# Dual norm definition: adding new constraints

For some $$c >0$$ and $$z \in \mathbb{R}^n$$, the optimal value of

\begin{align} \begin{array}{cl} \sup_{x \in \mathbb{R}^n}& z^\top x \\\text{s.t.}& \lVert x \rVert \leq c \end{array} \end{align}

is equal to the dual norm $$c \cdot \lVert z \rVert_{*}$$.

I have a modification to this problem:

\begin{align} \begin{array}{cl} \sup_{x \in \mathbb{R}^n}& z^\top x \\\text{s.t.}& \lVert x \rVert \leq c \\ & \lVert x - t \rVert \leq c' \end{array} \end{align}

for some constant vector $$t \in \mathbb{R}^n$$ and a scalar $$c' > 0$$. I was wondering if this can be represented via dual norms as well. Is there a way I can get rid of the $$\sup$$, or does this problem not have a closed-form representation?

• I think you can express it as a conic problem using the cone for the given norm, repeat the derivation of dual for conic problems docs.mosek.com/modeling-cookbook/duality.html and get the dual problem in terms of dual cones, which are cones for the dual norm. You will get some optimization problem with dual norms but not something explicit. Aug 1, 2023 at 11:09
• @MichalAdamaszek oh, I also just ended up in Robust Optimization literature and I realized that if I can model this intersection as a single cone then I can use support functions. Would you recommend trying to model the intersection of these norms as a single cone, or treat them as separate cones? Aug 1, 2023 at 14:43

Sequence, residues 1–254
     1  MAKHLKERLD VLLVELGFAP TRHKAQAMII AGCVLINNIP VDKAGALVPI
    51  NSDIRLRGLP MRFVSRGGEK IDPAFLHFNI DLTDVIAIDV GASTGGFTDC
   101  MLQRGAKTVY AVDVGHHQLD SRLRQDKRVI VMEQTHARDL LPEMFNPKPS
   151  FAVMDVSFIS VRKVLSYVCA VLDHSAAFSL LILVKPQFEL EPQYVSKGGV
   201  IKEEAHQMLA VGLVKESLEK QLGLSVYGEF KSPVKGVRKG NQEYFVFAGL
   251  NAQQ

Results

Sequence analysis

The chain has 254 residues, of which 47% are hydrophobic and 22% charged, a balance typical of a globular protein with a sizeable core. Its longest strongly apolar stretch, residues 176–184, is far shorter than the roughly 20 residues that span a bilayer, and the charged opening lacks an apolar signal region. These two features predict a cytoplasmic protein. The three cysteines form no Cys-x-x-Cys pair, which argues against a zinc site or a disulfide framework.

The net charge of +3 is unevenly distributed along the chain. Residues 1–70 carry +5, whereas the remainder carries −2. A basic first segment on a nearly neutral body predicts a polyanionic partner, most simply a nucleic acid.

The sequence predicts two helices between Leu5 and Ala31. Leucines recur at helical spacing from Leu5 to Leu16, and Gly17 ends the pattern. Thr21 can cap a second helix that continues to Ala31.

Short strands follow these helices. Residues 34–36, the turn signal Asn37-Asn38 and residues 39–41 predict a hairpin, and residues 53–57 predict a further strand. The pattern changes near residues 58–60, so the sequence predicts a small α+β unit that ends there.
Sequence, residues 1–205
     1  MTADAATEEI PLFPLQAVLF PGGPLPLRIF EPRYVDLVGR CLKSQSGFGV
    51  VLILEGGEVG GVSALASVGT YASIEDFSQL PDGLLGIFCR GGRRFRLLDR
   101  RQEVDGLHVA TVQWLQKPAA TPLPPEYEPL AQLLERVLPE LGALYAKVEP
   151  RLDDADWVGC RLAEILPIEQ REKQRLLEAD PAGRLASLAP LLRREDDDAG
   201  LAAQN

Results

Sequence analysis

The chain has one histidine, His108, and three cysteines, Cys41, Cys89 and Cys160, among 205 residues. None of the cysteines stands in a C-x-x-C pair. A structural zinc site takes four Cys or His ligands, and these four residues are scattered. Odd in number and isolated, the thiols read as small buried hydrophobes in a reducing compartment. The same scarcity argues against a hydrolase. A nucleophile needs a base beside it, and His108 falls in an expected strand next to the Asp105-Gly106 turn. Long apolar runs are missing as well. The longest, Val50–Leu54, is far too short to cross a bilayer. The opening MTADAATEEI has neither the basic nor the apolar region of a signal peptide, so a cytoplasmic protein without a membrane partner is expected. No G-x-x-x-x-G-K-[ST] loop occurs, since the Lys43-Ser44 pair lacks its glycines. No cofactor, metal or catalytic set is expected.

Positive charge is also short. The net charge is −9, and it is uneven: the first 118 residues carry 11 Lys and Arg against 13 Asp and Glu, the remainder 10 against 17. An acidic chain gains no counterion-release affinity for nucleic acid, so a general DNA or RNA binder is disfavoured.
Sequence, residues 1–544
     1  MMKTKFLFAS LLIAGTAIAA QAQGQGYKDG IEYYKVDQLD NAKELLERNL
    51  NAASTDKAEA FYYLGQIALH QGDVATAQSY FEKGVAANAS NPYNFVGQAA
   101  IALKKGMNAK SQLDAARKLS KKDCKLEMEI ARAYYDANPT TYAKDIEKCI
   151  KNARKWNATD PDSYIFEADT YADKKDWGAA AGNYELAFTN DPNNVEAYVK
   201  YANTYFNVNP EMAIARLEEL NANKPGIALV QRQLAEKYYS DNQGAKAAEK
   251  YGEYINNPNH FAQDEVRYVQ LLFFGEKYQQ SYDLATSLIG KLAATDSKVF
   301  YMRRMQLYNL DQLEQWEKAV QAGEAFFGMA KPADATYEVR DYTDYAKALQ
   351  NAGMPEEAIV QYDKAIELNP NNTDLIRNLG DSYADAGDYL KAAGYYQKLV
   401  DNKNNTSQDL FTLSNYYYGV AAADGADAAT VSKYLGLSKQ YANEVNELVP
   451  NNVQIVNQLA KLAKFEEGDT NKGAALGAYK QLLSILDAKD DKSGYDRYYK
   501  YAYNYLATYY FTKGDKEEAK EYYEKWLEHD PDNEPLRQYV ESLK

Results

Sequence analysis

• Fixed it. I will post an edit tomorrow. Aug 1, 2023 at 20:53

Let $$\mathcal{S}_1 := \{x : \lVert x \rVert \leq c \}$$ and $$\mathcal{S}_2 : = \{x : \lVert x -t \rVert \leq c' \}$$. So our problem is $$\sup_{x \in \mathcal{S}_1 \cap \mathcal{S}_2} z^\top x.$$ Any book covering Robust Optimization shows that such a problem is equivalent to $$\inf_{z^1, z^2} \{\delta^{*} (z^1 \mid \mathcal{S}_1) + \delta^{*} (z^2 \mid \mathcal{S}_2) \ : \ z^1 + z^2 = z\},$$ where $$\delta^{*}(\cdot | \mathcal{S})$$ denotes the support function of $$\mathcal{S}$$, which is the convex conjugate of the indicator function taking value $$1$$ only for elements of $$\mathcal{S}$$. We can write $$\delta^{*}(z \mid \mathcal{S}) = \sup_{x \in \mathcal{S}} z^\top x$$ for any $$z$$ and $$\mathcal{S}$$ of suitable dimensions.
Now, notice that $$\delta^{*} (z^1 \mid \mathcal{S}_1) = \sup_{x: \lVert x\rVert\leq c} x^\top z^1 = c\cdot\lVert z^1 \Vert_{*}$$ by the definition of the dual norm $$\lVert \cdot \rVert_{*}$$.
Moreover, $$\delta^{*} (z^2 \mid \mathcal{S}_2) = \sup_{x: \lVert x-t \rVert\leq c'} x^\top z^2 = t^\top z^2 + \sup_{x: \lVert x \rVert\leq c'} x^\top z^2 = t^\top z^2 + c' \cdot \lVert z^2\rVert_{*}$$.
The problem is thus equivalent to $$\inf_{z^1, z^2} \{t^\top z^2 + c\cdot\lVert z^1 \Vert_{*} + c' \cdot \lVert z^2\rVert_{*} \ : \ z^1 + z^2 = z\}$$ and substituting variables gives $$\inf_{z^2} \{t^\top z' + c\cdot\lVert z - z' \Vert_{*} + c' \cdot \lVert z'\rVert_{*}\}.$$